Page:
Island Peak - Day 1
Start: Dingboche (4,260 m), Goal: Chukung (4,730 m)
Distance: 4 km, Duration: 3 hours
Dingboche offers the last warm shower before the great adventure to Island Peak begins. Tibetan merchants often come to showcase their wares here and the trail begins on a slight incline. A single, relatively small glacial stream lies nestled in the valley despite the large drainage basin. The vegetation cover consists of low bushes: juniper, a species of barberry and sea-buckthorn shrubs bearing juicy little orange fruits. Their juice is extremely rich in vitamins but also fairly expensive, providing a solid source of income for the local community. The landscape is wild and mellifluous at once. Lhotse and Ama Dablam tower to your left and right, while up ahead, like a glaciated mountain ridge between two white giants, soars the 6,178-meter-high Island Peak. Once in Chuhkung, it’s time to take it easy. The lodge terraces have a late-afternoon vibe reminiscent of those in many Alpine huts.
Island Peak - Day 2
Start: Chukung (4,730 m), Goal:Island Peak Base Camp (5,120 m)
Distance: 7 km, Duration: 3 hours
The final stretch to Base Camp begins on a slight incline, up on top of the moraine. Then the path leads on into a further valley where yaks graze and a gentle montane river flows. The final stretch runs along the terminal moraine that bolsters Lake Imja. One can only start to guess at the full lake that lies beyond. Here, the stones, sand and what little grass exists, shimmer as if coated in silver. A few tents stand pitched at Base Camp and three simple toilets serve to keep the camp clean. A short hike up the camp’s neighbouring moraine reveals a view over the colossal glacial lake.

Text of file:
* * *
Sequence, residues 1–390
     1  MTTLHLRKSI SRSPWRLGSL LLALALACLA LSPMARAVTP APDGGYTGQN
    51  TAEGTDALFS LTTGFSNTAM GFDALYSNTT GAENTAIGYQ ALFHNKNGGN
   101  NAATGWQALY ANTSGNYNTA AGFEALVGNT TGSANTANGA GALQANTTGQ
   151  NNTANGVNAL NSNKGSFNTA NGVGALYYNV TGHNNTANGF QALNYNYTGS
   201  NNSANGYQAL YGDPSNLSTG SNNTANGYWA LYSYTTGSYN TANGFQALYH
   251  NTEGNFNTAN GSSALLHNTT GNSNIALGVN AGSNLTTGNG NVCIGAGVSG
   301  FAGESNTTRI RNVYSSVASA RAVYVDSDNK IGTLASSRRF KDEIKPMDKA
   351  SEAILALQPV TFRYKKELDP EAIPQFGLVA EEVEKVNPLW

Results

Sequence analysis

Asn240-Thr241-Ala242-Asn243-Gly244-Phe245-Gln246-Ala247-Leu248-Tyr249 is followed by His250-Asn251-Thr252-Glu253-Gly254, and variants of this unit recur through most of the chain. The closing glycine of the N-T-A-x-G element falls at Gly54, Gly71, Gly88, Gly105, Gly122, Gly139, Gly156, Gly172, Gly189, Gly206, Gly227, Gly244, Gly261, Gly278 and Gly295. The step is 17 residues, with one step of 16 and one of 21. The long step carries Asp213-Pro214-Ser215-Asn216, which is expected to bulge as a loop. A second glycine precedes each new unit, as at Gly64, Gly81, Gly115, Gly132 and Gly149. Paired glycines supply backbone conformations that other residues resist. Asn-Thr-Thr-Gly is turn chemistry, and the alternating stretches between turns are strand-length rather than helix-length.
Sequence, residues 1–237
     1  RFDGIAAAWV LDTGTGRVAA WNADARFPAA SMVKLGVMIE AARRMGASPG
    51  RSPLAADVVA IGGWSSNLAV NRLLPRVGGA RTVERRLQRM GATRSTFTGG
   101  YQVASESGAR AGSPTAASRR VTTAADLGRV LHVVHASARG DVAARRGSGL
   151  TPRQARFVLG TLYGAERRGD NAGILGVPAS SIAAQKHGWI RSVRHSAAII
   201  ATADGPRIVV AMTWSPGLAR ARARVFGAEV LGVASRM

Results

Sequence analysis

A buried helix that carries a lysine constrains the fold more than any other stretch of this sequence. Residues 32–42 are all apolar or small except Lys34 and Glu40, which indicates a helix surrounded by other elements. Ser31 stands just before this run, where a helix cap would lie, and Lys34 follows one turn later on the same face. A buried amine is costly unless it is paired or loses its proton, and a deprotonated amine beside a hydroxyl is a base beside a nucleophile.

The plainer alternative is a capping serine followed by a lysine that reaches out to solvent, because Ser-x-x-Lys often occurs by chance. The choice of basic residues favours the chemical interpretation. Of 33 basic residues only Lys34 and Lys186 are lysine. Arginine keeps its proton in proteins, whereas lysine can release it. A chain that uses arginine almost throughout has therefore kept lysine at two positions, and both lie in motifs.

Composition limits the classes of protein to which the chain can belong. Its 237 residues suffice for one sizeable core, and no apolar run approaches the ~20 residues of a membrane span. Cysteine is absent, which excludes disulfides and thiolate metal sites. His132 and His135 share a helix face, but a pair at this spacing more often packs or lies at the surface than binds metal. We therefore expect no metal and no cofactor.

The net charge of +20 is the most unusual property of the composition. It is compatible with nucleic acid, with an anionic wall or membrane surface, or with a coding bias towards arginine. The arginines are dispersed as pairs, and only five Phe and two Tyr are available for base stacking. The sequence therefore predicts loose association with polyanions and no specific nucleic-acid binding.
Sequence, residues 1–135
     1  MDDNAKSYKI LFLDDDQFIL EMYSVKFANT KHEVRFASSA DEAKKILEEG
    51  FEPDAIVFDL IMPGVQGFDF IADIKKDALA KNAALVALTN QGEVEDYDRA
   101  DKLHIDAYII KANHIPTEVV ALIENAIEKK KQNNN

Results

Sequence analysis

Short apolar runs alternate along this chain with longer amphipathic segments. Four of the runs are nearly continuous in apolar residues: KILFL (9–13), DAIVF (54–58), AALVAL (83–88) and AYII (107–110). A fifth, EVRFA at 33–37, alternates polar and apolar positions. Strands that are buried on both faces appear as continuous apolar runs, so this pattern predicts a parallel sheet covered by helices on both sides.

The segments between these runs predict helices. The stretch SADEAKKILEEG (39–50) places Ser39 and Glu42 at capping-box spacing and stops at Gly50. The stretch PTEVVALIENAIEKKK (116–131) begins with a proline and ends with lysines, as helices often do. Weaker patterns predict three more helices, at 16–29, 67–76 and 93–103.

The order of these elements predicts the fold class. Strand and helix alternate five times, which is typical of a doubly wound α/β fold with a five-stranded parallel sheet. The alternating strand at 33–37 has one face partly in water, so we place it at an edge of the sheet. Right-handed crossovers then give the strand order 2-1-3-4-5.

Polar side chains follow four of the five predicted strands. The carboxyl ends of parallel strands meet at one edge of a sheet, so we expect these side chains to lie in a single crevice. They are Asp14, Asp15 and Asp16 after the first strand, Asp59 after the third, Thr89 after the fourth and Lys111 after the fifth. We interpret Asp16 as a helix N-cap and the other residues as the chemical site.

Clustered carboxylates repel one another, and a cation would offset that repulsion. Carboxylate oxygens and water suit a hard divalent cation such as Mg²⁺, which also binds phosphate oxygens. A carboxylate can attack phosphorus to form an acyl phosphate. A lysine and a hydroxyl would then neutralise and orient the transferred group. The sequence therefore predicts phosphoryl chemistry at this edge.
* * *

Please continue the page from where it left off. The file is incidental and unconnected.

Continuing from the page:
Island Peak - Day 3
Start:Island Peak Base Camp (5,120 m), Goal: Island Peak (6,173 m)
Distance: 3 km, Duration: 12 hours
Island Peak (Imja Tse) lies between the imposing Lhotse south face and Ama Dablam. The mountain’s name was given by Eric Shipton and refers to its isolated position, encircled by a sea of ice below. In 1983, Island Peak was officially renamed “Imja Tse” (Nepali for Island Peak), but many continue to use its English name. Imja Tse was first ascended in 1956 by a team of Swiss mountaineers training for Mount Everest and Lhotse.
The ascent to Island Peak is considered to be fairly manageable in relation to other peaks. Above its base camp at 5,100 m, the trail continues smoothly up to the glacier. An ice wall with a 60 degree incline comes next, to be traversed with the help of fixed cables. This is followed by the mountain’s ridge that leads you to the summit.